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OPINION article

Front. Psychol., 24 August 2018
Sec. Consciousness Research

The Mind-Evolution Problem: The Difficulty of Fitting Consciousness in an Evolutionary Framework

  • Department of Neurobiology, The Rappaport Research Institute and Faculty of Medicine, Technion – Israel Institute of Technology, Haifa, Israel


Evolution gave rise to immensely complex and diverse embodied biological systems called animals, which behave adaptively to survive and produce. At least one out of millions of species on the planet has a remarkable and mysterious capability not only to behave but also to sometimes feel that it is behaving1. We know this because we belong to this species, and as noted, nothing is more real than one's own feelings (Chalmers, 1996). This capability is called phenomenal consciousness, conscious awareness, or sentiency (we will refer to it here as consciousness). Scientific agreement is that consciousness arises from the brain's activity, however, there is no understanding as to how (Revonsuo and Kamppinen, 2013). Intuitively, there needs to be a property in our brain that gives us this capability, a property that has evolved. Identifying this property and tracking its evolution is the key to understanding the evolution of consciousness.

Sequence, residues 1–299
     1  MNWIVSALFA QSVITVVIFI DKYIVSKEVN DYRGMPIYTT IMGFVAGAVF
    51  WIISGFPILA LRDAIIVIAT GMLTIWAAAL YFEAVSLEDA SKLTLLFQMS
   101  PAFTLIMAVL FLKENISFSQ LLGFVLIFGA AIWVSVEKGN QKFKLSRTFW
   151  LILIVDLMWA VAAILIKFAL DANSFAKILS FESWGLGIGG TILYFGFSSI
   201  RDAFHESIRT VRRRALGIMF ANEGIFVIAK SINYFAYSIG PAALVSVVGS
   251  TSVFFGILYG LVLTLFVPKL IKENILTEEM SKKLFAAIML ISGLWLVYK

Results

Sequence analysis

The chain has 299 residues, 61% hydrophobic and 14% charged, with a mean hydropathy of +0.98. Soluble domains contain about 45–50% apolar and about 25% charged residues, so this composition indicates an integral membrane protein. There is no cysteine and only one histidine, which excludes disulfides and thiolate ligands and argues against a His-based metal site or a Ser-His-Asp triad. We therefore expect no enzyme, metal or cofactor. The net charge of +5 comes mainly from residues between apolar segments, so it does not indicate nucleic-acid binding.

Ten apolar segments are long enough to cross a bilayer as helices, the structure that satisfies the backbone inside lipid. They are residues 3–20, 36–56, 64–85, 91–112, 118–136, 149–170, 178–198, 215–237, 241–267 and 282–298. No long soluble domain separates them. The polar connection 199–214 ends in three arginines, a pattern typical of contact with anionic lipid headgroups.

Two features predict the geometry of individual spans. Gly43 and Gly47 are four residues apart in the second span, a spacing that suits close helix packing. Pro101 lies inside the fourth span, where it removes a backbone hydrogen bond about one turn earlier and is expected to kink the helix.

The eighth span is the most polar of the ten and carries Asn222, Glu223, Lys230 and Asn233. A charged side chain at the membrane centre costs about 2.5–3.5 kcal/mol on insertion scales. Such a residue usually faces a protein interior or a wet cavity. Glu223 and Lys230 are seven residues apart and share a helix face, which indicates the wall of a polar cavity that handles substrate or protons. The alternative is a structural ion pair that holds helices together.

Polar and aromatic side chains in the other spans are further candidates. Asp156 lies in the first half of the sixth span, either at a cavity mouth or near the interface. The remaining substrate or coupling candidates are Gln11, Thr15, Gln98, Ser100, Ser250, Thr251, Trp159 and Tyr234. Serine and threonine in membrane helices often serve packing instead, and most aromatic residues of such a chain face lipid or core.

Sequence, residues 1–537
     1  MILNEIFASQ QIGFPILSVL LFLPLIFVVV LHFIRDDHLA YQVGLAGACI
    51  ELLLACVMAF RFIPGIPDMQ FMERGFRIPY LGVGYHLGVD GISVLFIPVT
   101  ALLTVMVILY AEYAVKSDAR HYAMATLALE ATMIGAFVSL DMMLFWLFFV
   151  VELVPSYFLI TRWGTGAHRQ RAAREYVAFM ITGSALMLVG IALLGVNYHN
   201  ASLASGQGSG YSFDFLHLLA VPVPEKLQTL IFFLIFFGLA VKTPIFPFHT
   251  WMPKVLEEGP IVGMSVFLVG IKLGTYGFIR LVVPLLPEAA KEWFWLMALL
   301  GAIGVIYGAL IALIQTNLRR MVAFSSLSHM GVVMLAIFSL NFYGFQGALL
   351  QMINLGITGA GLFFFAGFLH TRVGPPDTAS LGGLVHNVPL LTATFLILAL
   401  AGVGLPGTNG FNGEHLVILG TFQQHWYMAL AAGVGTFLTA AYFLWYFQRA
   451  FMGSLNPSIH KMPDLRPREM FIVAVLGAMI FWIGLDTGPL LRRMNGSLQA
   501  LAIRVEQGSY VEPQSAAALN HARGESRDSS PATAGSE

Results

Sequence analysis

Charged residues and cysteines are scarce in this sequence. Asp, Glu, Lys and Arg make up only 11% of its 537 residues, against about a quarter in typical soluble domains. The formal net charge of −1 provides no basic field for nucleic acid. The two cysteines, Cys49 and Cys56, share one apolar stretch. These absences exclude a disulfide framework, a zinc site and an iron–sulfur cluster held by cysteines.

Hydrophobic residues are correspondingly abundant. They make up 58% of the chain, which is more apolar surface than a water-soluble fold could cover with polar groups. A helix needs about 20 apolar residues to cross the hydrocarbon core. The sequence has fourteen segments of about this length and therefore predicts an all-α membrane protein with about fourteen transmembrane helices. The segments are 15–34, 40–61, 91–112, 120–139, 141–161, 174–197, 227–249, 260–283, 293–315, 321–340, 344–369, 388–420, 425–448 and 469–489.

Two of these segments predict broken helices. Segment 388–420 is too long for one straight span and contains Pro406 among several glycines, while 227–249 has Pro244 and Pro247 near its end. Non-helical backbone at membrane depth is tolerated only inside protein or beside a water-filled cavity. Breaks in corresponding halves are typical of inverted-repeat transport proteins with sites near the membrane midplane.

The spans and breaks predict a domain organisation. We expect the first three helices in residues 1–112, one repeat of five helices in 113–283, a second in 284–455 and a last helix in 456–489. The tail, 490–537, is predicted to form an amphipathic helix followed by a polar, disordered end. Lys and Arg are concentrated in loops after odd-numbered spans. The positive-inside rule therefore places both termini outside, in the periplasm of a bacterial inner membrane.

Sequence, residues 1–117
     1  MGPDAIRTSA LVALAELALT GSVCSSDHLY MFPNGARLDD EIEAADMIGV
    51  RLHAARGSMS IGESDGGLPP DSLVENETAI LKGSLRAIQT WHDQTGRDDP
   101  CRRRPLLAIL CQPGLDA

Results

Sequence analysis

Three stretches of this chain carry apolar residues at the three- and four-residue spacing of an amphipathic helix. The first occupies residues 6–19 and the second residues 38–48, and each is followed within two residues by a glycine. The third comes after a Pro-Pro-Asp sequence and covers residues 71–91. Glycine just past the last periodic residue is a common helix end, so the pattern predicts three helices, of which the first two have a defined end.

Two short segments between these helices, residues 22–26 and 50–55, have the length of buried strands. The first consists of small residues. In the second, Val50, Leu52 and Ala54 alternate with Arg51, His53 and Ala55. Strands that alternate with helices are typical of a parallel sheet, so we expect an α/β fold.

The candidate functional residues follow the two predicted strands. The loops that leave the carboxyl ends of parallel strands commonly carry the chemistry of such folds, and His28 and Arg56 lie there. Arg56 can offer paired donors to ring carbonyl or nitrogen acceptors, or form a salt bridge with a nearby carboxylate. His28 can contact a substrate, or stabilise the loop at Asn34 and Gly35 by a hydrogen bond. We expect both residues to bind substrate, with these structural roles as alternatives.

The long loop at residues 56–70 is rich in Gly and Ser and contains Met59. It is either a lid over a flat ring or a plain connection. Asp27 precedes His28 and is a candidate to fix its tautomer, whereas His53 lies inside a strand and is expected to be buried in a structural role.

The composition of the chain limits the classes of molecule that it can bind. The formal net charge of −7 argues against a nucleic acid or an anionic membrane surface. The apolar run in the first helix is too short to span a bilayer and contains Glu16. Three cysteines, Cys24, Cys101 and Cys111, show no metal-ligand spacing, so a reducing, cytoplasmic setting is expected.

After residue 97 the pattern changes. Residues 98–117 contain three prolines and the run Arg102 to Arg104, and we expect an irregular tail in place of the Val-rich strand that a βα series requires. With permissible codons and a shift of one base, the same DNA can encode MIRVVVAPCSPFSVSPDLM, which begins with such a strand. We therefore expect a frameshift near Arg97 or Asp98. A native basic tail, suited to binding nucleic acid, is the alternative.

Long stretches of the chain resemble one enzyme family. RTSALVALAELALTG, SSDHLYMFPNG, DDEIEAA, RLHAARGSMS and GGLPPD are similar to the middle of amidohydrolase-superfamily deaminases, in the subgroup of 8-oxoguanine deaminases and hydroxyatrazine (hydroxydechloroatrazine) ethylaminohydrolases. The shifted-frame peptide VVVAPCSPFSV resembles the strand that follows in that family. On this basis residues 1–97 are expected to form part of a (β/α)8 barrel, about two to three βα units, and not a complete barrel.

If consciousness is indeed a biological property, as is commonly recognized (Searle, 2013), we should be able to apply Niko Tinbergen's four questions (Bateson and Laland, 2013):

1. What are the mechanisms (causation) of consciousness?

2. How is consciousness developed from birth (ontogeny)?

3. What is the survival value (adaptivity) of consciousness?

4. What is the evolutionary history (phylogeny) of consciousness?